In Cynical Move, Kentucky Governor Bevin Cuts Vision and Dental Care to Retaliate Against Court’s Medicaid Ruling
Suppose you wanted to help a homeless veteran find a job, but the vet had some sore teeth and needed glasses. Wouldn’t it make sense to cover the oral health and vision care to help him?
That won’t happen in Kentucky, where state officials abruptly eliminated oral health and vision care for the 460,000 adults who are on the state’s Medicaid program. The decision followed a court ruling a day earlier that struck down a mandate for those on the program to find jobs or lose benefits.
Bevin blaming judge for his action to cut dental and vision coverage
In response to that decision, Gov. Matt Bevin’s administration chose to take away the dental and oral health benefits without any prior notice. It’s as if the governor decided he would just take his ball and go home if the courts would not allow him to play his game of cutting health coverage for Kentuckians.
On June 29, a federal district court found that Bevin’s plan to place restrictions on the health care program was in direct conflict with the primary purpose of Medicaid--to provide people with low incomes, access to medical assistance and coverage. U.S. District Judge James E. Boasberg ruled that the restrictions that federal officials approved for Kentucky were “arbitrary and capricious.”
Bevin wants to blame the judge for the loss of dental and vision coverage. He claims the judge’s ruling meant the benefits could no longer be covered. The administration also says that cutting benefits was "required to compensate for the increasing costs of expanded Medicaid." In addition, Bevin’s health officials say less than 10 percent of those covered take advantage of the benefits each year.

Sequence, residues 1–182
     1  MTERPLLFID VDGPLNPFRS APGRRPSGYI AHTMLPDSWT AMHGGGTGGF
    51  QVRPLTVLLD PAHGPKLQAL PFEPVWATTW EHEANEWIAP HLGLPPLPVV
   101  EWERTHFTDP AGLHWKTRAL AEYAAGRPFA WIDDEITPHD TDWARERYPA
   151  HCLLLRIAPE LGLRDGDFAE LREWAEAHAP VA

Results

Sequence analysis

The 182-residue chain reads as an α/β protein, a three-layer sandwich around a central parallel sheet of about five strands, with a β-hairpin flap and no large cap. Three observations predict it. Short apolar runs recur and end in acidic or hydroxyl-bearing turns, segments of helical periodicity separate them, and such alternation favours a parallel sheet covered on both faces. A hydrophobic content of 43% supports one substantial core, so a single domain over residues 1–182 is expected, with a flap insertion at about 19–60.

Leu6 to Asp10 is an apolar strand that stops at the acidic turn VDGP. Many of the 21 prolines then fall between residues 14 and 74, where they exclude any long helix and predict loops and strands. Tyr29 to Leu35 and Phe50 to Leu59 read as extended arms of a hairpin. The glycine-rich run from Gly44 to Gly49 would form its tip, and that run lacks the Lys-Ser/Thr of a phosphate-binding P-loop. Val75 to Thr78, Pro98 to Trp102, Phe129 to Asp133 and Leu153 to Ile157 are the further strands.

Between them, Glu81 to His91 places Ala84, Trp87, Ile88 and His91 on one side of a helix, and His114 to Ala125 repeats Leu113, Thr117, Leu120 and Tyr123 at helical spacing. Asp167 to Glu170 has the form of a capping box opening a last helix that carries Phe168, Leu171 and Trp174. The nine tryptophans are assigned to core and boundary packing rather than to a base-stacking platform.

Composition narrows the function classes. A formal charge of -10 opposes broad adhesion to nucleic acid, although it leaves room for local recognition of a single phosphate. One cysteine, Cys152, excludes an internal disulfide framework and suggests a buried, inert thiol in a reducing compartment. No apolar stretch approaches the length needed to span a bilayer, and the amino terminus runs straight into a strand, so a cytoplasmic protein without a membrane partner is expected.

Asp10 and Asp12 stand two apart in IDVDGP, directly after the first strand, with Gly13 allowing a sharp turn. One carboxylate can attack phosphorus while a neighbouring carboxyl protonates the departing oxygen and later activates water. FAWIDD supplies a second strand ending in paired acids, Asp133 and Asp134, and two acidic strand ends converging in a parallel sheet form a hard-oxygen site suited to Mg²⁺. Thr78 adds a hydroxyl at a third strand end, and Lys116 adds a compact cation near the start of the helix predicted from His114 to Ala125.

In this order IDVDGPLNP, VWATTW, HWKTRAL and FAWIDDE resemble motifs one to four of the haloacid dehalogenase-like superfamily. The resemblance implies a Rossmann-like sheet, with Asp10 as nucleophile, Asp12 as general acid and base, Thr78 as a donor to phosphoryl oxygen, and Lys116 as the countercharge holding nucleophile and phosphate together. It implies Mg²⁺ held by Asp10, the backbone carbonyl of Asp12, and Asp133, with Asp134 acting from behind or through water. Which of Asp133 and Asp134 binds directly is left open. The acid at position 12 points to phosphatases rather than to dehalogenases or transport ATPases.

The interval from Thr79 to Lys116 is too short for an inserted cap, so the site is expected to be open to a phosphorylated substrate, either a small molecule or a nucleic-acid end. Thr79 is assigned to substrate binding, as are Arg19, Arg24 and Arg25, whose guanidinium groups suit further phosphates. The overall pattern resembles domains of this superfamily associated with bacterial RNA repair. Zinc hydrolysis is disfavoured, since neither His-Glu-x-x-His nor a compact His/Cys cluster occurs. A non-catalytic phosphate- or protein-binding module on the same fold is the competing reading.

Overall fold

Governor Bevin’s action will cause immediate harm to Kentuckians
Such twisted reasoning and explanations highlight the hypocrisy of the state’s decision. Oral health and vision benefits have been provided since the state began to cover adults four years ago. In just the first year of expansion coverage, adult dental visits increased 116 percent—a huge help to those who needed care the most in a state where access to dental care and oral health outcomes have been notoriously poor. Those who have needed and benefited from that coverage are also more likely to avoid further health problems in the future. Studies have shown a connection between oral health and overall health, especially related to diabetes and heart disease.
Cutting dental and vision benefits will have an immediate negative impact on Medicaid enrollees who need those services. Kentucky has continually struggled with some of the worst health outcomes in the nation. In 2013, the state ranked 50 in cancer deaths and 45 in premature death. Additionally, Kentucky ranked 41 in annual dental visits and 45 in overall health status. Providing health coverage to adults began to change that outlook in the first years of the Medicaid expansion.
This week’s actions by the governor are the latest in a series since he took office that are aimed at cutting the state Medicaid program. Despite the many indications that the health care law, and Medicaid expansion in particular, were benefiting the people and economy of Kentucky, Bevin is a steadfast opponent. While the federal court decision has created an obstacle to Bevin’s plan to cut Medicaid for now, the case will take months to resolve.
In the meantime, the lives of hundreds of thousands of Kentuckians who rely on Medicaid for needed care hang in the balance.